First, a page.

He has a couple colors, but they’re so blended in, his features are readily identifiable.  He has a beard, obviously, and you can see he’s dulled it with some paint.  Bravo on that point and that he’s covered all exposed skin.

This guy…

Is really trying, but his eyes are all dark, his nose and mouth are the same color, and he’s decided to try some sort of ‘war paint pattern’ with the chin stripe and diagonal (different directions) cheek stripes.  Not effective.  But he did paint every thing he could…except his bottom lip vermilion.

A couple of the best I’ve seen are Ivarr Bergmann and JC Dodge.

Nobody’s perfect, but Bergmann’s use of various materials and complete coverage of his face and extremities (‘cept his finger tips, but like I said, nobody’s perfect – I’ve seen him wear full length gloves in his videos, so he’s got it down) makes his camouflage job climb to the top 1%.

Same with JC Dodge.

There’s really not a lot to criticize when it comes to complete camouflage here.  Sure, he could throw a camouflage net drape over his head, but we’re talking about face painting.  JC’s solved the issue of finger tips with what appears to be Nomex Flight Gloves.  Gray leather palms, sage green; they blend in and provide dexterity and a smidge of protection against cooler temps.

Now, after reading this far, go back to the top and check the folks I used as examples of what not to do.  Then come back down and look at Bergmann and JC.  See the difference?

Personally, I recommend the old school USGI camouflage sticks OR the newer NATO camouflage sticks (a bit fatter than the ‘modern’ USGI) rather than any civilian paint or the garbage their issuing in little compacts to US forces.  Way back in the day (and I’m sure we weren’t the first ones to do it it, either, as there’s nothing new under the sun), we modified it a bit.  Here’s our formula:

  • Get 2 large kiwi polish cans.  Preferably ones that have had most of the polish used.  Clean them completely out.  When there’s just a bit of polish left, heat the can until the polish melts and wipe it out with a paper towel.
  • Take 3 to 4 thin/small USGI camo sticks, remove the paint from the tubes and break in half, loam in one pile, light green in the other.
  • Chop one of the colors into fairly small pieces and put in the bottom of the polish can (it’s thicker).
  • Put on a low heat stove and slowly melt the camo paint until liquid.  You can check and stir with a toothpick.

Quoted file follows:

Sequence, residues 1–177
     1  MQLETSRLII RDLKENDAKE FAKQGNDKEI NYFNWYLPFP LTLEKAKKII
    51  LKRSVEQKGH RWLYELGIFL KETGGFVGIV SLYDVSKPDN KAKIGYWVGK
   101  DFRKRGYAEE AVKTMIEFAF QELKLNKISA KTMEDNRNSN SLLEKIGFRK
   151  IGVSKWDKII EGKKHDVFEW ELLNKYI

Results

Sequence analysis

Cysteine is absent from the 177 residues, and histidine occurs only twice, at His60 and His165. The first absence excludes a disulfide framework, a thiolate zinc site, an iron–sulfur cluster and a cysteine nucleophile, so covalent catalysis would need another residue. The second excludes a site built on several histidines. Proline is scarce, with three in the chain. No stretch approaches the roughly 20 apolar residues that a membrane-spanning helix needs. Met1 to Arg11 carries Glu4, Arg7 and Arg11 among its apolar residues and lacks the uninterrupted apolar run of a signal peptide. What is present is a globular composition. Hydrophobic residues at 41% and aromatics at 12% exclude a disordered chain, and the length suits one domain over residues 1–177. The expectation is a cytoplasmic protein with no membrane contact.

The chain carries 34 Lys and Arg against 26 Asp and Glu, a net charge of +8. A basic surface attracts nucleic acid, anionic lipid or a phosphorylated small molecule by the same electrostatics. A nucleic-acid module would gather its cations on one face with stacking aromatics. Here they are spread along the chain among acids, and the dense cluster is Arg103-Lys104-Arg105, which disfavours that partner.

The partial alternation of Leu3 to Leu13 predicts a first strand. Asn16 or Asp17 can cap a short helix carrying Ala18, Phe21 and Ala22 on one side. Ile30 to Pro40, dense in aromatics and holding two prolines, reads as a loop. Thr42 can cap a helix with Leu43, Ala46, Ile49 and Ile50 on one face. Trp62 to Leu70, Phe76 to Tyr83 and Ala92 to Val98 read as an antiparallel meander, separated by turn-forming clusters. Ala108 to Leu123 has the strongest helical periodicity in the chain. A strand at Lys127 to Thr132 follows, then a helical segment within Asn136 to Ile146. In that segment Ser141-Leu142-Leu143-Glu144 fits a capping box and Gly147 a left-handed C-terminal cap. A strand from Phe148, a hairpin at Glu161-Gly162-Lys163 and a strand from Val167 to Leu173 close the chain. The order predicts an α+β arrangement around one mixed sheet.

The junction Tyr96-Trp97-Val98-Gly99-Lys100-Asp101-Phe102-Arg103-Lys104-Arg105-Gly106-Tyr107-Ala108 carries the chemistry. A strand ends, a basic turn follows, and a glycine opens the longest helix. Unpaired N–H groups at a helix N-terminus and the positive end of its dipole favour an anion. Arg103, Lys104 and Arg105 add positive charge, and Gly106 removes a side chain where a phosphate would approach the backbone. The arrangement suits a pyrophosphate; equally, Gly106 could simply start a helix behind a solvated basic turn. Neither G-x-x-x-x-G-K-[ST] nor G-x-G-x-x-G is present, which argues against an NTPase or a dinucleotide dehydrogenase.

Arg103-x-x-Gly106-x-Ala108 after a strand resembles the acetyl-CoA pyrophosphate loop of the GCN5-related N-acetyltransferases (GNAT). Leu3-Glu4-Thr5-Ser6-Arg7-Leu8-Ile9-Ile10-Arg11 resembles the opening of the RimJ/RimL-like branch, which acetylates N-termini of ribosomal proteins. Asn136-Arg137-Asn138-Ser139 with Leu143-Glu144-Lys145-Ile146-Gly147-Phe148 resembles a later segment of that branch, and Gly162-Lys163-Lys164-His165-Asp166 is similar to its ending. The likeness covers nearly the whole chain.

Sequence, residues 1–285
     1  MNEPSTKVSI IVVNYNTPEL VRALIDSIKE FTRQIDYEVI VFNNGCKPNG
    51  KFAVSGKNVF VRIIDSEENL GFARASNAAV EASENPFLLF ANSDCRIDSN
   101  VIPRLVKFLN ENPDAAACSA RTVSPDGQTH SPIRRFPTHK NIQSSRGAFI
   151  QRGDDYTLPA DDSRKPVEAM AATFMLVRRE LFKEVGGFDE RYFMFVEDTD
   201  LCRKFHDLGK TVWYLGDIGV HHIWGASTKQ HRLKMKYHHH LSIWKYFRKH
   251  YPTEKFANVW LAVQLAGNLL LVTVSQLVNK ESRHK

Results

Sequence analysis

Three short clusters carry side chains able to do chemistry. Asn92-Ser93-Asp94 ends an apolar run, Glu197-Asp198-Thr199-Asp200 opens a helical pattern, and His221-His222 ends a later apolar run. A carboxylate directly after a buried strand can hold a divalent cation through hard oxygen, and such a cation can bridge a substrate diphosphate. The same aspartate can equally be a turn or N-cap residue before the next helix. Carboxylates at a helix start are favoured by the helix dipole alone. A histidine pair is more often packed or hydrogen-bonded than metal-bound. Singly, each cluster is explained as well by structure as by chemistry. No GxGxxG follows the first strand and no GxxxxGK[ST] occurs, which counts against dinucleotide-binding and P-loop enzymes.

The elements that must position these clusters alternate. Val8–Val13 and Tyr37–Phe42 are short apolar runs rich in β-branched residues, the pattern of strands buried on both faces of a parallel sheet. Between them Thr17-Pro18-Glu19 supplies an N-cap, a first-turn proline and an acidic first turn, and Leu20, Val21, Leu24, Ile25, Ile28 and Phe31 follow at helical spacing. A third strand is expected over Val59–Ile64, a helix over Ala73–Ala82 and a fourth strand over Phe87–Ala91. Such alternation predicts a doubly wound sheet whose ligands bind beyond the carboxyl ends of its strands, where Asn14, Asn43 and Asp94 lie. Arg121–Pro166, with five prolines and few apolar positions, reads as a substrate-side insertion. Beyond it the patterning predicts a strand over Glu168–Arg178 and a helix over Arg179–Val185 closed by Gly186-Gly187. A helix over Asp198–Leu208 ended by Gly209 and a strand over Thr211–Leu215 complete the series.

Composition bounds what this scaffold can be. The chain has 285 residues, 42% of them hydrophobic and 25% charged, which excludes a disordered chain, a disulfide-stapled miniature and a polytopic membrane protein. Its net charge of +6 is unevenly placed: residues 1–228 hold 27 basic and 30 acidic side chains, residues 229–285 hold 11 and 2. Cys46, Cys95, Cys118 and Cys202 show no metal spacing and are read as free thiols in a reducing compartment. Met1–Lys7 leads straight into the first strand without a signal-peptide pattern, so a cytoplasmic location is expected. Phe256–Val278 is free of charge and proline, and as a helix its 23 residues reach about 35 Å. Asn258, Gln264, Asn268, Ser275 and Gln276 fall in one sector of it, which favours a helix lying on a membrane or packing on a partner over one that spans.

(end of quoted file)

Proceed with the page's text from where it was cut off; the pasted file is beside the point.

• Get a rounded teaspoon of a good cold cream (use your wife’s at your own risk) and stir it slowly into the camo paint until blended completely.
  • Turn off stove and let cool (takes about 10 minutes to get cool enough to remove from stove) a bit.
  • Carefully place in fridge for about 20 minutes.
  • Take out and check consistency.  If too hard, repeat above with half the cold cream.

Usually, that makes enough camo face paint to last about 6 months if you’re using it several times a week.  It will go on a bit shiny, but in less than 20 minutes, the cold cream will soak into the skin and it will be flat as it should be.

Cleaning up is much easier with this recipe, also.  Anyone who’s ever scraped and sanded pure USGI face paint off their face will attest to the discomfort involved.  A bit of baby shampoo on a washcloth will take the modified camo paint off easily.

Good luck, and let us know how you paint!

Back to the Grind…

New posts forthcoming; back from the road and refreshed from a weekend of ruck walking and refit.

In the meantime, watch the below post from Ivarr Bergmann’s survival series and take note of the clever way he’s made his collapsible 2 quart canteen NBC cap into a make shift hydration bladder.  It looks as if he’s taken a drinking tube attachment from the M17 or M40 gas mask series and modified it to fit a hydration bladder drink tube.  Taking his example, I did a modified version and performed surgery on a couple of NBC canteen caps and fitted a portion of the drink tube through the cap to the bottom of the canteen, and then silicon sealed the tube into the lid.  Not quick as his seems to be for switching canteens, but just as effective for drinking out of a collapsible canteen.  It can be used on any rigid or collapsible US surplus canteen that’s plastic.  I don’t recommend trying it on the old steel canteens.  Anyway, check this out.  If you’ve not seen his videos, you may want to get on his channel on youtube.  You may get some ideas to help your own kit preparation.  This guy tests all his gear while pulling patrols out in the Alaskan wilderness.

Venezuela: Land of…..NO BROWNIES OR CROISSANTS!!! Or you’ll be arrested…or WORSE!!

“No, you can’t even MAKE a brownie or croissant today!”  —  Venezuelan Flour Nazi’s 

Yup.  Socialism underscoring their concern for private property rights.  I have 100 pounds of flour and I want to make 50 pounds worth of bread and the other 50 pounds divided up between brownies and croissants.  Then, I want to sell them for what the market will bear.  My property to dispose of as I wish, right?

Not in Venezuela.  No, Sir!

Venezuela’s President Nicolas Maduro’s socialist government has sent inspectors and soldiers into more than 700 bakeries around the capital this week to enforce a rule that 90 percent of wheat must be destined to loaves rather than more expensive pastries and cakes.

Get the whole story, here.

See, that’s what socialism/progressivism/communism is all about:  Equal misery across the board.  The government requiring you to provide your own property in the manner and method that they determine for consumption by the masses….all at a loss to you, of course.  Kind of like when you own property in the US during a natural or man made disaster and attempt to use market rationing, ie, raising the price so consumers won’t panic buy, and the government prosecutes you for selling your own property at your own price….wonder why that is….hmmm.